Tis the season when we all get excited to ski in the hills once again. Its already gotten cold and this morning folks in Salt Lake woke to traces of snow down to the valley floor, undoubtedly tickling every skiers urge for winter exploits.
Historically, Fall in the Mountain West can see a full spectrum of weather conditions, from down right hot and dry (my tomatoes grew last season into mid November) to cold and wet. And it's important to remember that how conditions present at the high elevations now will transpire to how soon we are able ski what we want later. Early season snow can be a mixed blessing. We all want a snowy winter but what is perhaps the most important aspect for snow stability in coming months is the timing of our weather early in the season.
Ok, remember back to your level I avalanche training to that often-confusing topic of temperature gradients and faceting. Recall that stuff? No? Well, the take home is that we need to have patience as winter settles into gear, take any early season turns as a bonus and remember that the real season for skiing the big, high, northerly stuff historically starts in February around here. Early snows that don't melt before getting buried again = sugary weak snow and a recipe for a slab avalanche. Perhaps the greatest use in getting out in the mountains in the early season is to see firsthand where the early season snows hang onto the landscape and conversely where they melt off prior to the meat of winter coming in. The problem is that most folks want to ski where the snow base is deepest early season and that most often coincides with the areas with the weakest snowpack structure. So what's the best weather recipe for ideal future snow stability in a variety of locations? Think warm and dry then turn winter on Dec 1 with a fire hose effect of storms that doesn't stop until spring.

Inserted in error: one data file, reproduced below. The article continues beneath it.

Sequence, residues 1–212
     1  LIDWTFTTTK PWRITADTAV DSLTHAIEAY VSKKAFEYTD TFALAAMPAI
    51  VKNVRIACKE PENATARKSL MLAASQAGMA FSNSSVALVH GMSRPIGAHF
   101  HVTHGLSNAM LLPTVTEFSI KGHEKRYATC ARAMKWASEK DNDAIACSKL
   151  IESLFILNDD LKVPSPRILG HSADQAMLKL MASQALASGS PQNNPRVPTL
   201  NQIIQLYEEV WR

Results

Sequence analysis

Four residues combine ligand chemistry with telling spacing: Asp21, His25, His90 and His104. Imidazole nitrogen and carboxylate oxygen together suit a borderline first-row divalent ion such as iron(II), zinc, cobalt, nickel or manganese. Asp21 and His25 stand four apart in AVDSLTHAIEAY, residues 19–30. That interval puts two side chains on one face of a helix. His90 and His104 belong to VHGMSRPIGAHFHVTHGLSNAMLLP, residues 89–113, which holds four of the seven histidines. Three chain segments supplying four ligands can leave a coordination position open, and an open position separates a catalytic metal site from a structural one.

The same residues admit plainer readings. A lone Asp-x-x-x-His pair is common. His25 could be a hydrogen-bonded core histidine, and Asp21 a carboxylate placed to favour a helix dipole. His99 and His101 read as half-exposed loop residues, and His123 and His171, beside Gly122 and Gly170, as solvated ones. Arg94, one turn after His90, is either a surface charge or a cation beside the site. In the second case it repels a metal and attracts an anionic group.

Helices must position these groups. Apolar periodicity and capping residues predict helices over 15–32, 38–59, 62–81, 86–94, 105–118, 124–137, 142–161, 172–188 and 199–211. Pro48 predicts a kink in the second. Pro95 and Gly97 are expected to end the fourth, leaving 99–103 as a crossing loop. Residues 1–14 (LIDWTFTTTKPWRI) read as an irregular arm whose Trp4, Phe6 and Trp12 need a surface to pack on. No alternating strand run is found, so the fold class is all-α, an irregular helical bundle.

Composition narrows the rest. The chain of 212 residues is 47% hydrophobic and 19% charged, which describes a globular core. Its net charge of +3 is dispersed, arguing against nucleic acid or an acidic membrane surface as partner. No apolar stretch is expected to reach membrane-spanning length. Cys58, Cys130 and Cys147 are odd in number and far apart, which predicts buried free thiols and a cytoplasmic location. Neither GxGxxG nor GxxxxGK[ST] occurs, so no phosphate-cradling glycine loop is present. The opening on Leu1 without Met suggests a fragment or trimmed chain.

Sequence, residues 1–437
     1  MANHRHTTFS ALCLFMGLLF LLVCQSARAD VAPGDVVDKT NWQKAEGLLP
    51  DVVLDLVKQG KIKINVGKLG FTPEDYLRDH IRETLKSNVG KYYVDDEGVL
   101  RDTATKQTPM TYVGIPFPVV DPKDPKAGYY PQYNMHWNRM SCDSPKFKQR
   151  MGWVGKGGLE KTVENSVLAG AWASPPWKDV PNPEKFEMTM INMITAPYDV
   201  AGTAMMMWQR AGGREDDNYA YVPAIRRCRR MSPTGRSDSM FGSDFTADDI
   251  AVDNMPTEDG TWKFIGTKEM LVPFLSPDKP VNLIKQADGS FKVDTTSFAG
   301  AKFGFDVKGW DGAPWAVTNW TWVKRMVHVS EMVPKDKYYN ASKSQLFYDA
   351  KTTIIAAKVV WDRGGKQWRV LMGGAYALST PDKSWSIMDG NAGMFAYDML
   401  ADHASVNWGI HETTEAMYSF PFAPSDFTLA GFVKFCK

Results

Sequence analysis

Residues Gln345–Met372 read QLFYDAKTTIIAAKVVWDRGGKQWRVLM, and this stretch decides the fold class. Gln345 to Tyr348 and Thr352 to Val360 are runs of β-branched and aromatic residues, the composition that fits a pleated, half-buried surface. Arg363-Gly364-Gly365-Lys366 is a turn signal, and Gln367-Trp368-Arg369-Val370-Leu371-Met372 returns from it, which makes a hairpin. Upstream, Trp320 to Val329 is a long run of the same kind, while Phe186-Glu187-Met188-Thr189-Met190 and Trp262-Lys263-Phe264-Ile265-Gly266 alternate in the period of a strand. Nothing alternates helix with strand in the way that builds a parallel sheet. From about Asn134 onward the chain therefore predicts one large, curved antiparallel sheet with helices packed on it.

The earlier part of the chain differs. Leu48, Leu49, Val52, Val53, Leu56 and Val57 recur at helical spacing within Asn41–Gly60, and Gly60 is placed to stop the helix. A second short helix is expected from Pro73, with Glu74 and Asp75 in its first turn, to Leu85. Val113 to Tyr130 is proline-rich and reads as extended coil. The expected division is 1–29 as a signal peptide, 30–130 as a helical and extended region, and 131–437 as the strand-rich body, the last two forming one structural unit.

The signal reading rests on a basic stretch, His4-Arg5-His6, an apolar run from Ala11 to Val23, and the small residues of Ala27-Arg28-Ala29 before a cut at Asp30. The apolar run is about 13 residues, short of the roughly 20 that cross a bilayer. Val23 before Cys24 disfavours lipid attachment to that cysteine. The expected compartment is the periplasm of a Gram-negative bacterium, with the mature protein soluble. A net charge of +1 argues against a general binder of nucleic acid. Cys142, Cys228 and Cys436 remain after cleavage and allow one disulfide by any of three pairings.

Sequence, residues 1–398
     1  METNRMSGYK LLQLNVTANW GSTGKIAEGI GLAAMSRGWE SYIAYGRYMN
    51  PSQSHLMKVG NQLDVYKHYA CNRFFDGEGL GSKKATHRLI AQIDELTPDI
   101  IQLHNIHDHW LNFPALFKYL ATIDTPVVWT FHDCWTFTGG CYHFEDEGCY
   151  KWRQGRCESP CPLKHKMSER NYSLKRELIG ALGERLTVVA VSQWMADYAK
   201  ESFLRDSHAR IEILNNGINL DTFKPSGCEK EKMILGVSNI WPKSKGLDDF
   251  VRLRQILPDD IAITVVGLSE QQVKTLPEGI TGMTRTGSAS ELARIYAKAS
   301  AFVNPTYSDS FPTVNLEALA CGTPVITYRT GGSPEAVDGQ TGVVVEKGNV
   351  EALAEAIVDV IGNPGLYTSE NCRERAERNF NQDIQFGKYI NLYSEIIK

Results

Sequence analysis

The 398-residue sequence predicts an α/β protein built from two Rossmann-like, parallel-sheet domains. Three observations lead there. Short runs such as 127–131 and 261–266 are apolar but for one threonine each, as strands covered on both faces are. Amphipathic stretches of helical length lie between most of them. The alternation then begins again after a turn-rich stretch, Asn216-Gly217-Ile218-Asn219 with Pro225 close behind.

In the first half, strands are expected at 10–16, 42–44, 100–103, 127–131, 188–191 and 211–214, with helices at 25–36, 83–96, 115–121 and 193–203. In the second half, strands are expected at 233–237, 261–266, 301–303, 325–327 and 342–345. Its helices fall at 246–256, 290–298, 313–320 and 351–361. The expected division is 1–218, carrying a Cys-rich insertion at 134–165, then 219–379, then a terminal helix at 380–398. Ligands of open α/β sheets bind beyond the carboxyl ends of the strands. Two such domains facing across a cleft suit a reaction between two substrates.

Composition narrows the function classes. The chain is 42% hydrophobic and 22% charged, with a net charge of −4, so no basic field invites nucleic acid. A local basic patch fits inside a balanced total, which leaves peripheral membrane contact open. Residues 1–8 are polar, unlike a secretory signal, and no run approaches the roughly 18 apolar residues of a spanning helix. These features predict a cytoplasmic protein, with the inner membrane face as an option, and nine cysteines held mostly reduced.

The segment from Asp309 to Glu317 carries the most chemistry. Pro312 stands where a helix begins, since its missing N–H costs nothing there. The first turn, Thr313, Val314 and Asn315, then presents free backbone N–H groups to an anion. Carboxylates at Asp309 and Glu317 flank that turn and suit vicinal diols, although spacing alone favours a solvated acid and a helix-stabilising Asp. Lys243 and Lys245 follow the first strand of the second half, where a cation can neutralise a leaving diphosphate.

The early season, if anything, is a great time for learning about snow and preparing ourselves for winter. Tread lightly, polish up on essential skills like self-rescue, take and avalanche course if you have yet to or refresh and start paying attention to the weather, as it will largely determine base structure for the winter to come.
We are offing avalanche skills refresher courses this early season, please contact for details! There is no substitute for firsthand learning in the field with a Pro!
Tread lightly my friends!
Photo: An early season type, striated, snowpack in NZ 2007, Mt. Olympus.